revolutionaryBritain Culture wars 

The left is eating itself in a trans culture war

The Guardian has been convulsed after publishing an article by its longstanding columnist Suzanne Moore. Its appearance triggered a letter of protest to the editor, signed by 338 Guardian and Observer employees. Getting on for half the workforce thus believe that their readers should not have been allowed to see what Moore wrote.

Cue a blazing row at The Guardian’s editorial conference, with one trans member of staff claiming as a result to be too frightened to go to work. This employee subsequently resigned after reportedly receiving anti-trans comments from “influential editorial staff”. In these circumstances, this might have been something as terrifying, aggressive and life-threatening as being told “I am a woman and you are a man” (or vice versa). Raw bigotry indeed.

Moore’s column, said this member of staff, was “the straw that broke the camel’s back” after a series of pieces pitting trans people against women. One example was said to be a Guardian editorial claiming that trans rights were in “collision” with women’s rights. Isn’t that merely to state what trans supporters are claiming in this row — that trans rights are under attack from those like Moore who declare women’s rights are distinct and inviolable?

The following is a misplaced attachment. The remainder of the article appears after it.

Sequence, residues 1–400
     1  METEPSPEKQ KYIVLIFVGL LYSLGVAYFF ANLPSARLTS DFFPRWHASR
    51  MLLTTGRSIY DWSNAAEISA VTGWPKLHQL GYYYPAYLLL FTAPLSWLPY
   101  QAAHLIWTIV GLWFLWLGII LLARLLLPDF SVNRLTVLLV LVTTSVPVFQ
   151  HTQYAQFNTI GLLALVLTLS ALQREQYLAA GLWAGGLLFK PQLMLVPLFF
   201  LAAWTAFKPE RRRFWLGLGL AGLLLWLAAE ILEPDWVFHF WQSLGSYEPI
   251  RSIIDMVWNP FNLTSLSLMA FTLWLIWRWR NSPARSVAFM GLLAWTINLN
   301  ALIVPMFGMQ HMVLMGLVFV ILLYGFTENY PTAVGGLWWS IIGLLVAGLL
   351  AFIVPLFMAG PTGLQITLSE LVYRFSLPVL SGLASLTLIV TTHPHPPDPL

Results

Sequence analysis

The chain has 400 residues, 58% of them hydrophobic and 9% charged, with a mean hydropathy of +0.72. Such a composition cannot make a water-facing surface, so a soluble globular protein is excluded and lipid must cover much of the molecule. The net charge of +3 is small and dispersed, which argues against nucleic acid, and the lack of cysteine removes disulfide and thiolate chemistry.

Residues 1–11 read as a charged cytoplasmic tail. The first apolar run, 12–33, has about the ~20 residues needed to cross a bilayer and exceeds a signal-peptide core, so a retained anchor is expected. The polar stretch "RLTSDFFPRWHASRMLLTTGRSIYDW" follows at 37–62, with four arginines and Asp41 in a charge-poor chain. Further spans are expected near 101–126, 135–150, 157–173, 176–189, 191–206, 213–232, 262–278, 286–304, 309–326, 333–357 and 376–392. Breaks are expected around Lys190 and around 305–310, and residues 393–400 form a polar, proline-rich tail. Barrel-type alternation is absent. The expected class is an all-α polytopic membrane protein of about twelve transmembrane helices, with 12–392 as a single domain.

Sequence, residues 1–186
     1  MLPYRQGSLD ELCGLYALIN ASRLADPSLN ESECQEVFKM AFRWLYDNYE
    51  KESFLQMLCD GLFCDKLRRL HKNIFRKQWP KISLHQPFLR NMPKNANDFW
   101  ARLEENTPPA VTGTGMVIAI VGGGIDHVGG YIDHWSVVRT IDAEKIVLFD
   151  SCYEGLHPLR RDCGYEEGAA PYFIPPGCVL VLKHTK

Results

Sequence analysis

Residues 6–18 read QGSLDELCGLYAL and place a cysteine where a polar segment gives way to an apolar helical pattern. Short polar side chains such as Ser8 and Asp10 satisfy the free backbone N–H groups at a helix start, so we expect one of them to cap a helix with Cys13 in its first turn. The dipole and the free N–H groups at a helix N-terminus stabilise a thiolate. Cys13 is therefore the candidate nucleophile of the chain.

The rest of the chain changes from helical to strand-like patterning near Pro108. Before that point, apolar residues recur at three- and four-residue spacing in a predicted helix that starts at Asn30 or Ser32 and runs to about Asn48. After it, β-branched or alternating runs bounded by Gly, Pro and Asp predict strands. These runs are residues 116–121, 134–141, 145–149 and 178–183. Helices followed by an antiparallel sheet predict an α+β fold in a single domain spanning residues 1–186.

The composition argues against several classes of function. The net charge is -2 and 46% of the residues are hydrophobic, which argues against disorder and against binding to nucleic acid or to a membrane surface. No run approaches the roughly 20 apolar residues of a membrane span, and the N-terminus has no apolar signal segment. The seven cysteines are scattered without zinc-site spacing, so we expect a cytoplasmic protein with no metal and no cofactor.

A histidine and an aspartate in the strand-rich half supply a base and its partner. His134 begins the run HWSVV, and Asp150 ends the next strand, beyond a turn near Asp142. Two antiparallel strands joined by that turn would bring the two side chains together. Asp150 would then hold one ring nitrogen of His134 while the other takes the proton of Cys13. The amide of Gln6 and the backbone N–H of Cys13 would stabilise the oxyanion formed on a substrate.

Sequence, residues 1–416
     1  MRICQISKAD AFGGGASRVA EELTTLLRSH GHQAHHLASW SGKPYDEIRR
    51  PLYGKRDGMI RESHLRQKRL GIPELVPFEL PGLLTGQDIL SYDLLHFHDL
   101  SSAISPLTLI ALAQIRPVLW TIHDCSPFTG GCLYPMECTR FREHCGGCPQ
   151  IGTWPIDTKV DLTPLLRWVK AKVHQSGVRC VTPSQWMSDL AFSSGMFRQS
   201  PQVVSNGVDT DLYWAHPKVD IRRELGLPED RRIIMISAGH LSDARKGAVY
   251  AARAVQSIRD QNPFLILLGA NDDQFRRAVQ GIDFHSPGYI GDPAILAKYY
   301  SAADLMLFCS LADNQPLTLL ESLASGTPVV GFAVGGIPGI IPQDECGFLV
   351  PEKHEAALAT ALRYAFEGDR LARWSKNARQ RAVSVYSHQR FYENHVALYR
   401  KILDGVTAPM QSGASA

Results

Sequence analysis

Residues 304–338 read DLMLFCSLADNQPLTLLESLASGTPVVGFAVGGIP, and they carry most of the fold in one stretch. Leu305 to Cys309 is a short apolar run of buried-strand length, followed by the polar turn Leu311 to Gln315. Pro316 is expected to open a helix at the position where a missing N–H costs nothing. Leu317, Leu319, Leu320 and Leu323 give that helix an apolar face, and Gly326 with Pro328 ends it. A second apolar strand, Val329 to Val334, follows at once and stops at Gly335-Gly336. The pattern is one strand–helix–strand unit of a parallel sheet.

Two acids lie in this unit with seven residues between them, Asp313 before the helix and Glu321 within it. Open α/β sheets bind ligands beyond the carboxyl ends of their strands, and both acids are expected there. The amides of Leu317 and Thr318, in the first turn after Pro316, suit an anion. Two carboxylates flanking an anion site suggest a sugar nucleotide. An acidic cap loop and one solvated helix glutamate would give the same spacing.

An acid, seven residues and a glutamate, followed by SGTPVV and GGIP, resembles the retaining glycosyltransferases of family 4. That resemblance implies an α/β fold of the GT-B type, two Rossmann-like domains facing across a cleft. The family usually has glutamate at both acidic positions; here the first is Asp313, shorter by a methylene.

These are the same forces that have now gone after Trevor Phillips, who has been suspended by the Labour Party after being accused of Islamophobia, a term that, ironically, became part of political life after the 1997 Runnymede Trust report on Islamophobia that he commissioned.

Both these witch-hunts show once again how the revolution eats its own. In the 18th century, the French Jacobins started by guillotining enemies of the revolution and then decided that certain revolutionaries were themselves enemies of the revolution.

In response to the furore over Suzanne Moore, there have been references to The Guardian being a “great liberal newspaper”. This is about four decades out of date. It stopped being a liberal paper when liberalism became corrupted by ideologies which permit no opposition and are therefore inimical to truth, freedom and reason.

Suzanne Moore wrote: “I self-identify as a woman who won’t go down quietly.” We may not agree with everything she says, and she may not welcome all of us as supporters, but those who stand for freedom against such sinister attempts at social and cultural control will be cheering her on.

To read my whole Times column (£), please click here.

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